ICTs for whose development? A critical analysis of the discourses surrounding an ICT for Development Initiative for a group of microenterprise entrepreneurs operating in the Jamaican tourism industry: Towards the development of methodologies and analytical tools for understanding and explaining the ICT for Development Phenomenon
Waller, L. G. (2006). ICTs for whose development? A critical analysis of the discourses surrounding an ICT for Development Initiative for a group of microenterprise entrepreneurs operating in the Jamaican tourism industry: Towards the development of methodologies and analytical tools for understanding and explaining the ICT for Development Phenomenon (Thesis, Doctor of Philosophy (PhD)). The University of Waikato, Hamilton, New Zealand. Retrieved from http://hdl.handle.net/10289/2628
Permanent Research Commons link: http://hdl.handle.net/10289/2628
This is an interdiscliplinary qualitative study which uses an exploratory research design and builds on Fariclough's Critical Discourse Analysis methodology to analyze the discourses surrounding an Information and Communication Technology (ICT) for livelihood development project in Jamaica, introduced by the United Nations Development Programme - the Jamaica Sustainable Development Networking Programme (JSDNP). The primary objective of this project is to provide the poor in Jamaican communities with access to, and training in ICTs. In this research, I specifically focus on the discourses surrounding the JSDNP Cybercentre Project for a group of microenterprise entrepreneurs in the Jamaican tourism industry to access the epistemological assumptions of this project. From the data collected it was found that at one level, the JSDNP Cybercentre Project encouraged specific ways of acting and organizing congruent with the configurations, processes and structures of corporate firms of industrialized countries, by representing the achievement of livelihood expansion through the use of specific ICTs in a particular way which excluded other discourses. The particular ways of acting and organizing promoted by the Cybercentre encouraged the use of non-indigenous technologies, undervalued indigenous technologies and excluded the indigenization of non-indigenous technologies. These discourses were incompatible with the operational and structural configurations of trans-temporal poor entrepretrepreneurs interviewed and were more favourable to the non-poor and spatio-temporal ones. One of the wider implications of the discourse therefore was that they play a fundamental role in perpetuating entrenched inequalities through the preservation of social practices, along with their associated systems and structures. It was also found that these modalities limited the operational processes of all microenterprise entrepreneurs who were exposed to the Cybercentre Project. These entrepreneurs have limited control over the configuration of non-indigenous technologies; their technological and creative capabilities are restricted; their ability to indigenize non-indigenous technologies impaired; and they are highly dependent on non-indigenous technologies (which themselves have a number of limitations).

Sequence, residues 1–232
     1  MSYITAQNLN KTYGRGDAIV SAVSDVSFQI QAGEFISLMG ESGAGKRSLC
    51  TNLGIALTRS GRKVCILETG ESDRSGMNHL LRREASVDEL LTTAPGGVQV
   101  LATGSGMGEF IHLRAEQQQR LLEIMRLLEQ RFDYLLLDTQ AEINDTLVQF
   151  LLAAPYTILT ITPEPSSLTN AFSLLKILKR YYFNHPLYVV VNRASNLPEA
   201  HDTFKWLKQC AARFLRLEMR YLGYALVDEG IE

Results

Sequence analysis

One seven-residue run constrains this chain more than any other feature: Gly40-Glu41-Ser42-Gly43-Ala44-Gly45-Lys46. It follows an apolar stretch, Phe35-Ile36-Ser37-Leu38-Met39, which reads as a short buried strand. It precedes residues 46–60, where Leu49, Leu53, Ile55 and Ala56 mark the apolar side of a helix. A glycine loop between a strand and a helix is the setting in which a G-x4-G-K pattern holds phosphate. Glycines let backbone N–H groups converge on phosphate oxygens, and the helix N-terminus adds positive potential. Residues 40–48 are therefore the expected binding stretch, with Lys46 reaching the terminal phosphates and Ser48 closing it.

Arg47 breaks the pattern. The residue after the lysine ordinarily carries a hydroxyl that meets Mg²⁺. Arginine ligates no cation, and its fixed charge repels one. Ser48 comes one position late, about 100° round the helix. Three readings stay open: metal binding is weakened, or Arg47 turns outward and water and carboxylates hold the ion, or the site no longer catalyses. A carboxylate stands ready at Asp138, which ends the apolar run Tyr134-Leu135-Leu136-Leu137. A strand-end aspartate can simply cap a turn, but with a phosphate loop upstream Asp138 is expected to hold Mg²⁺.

The University of Waikato
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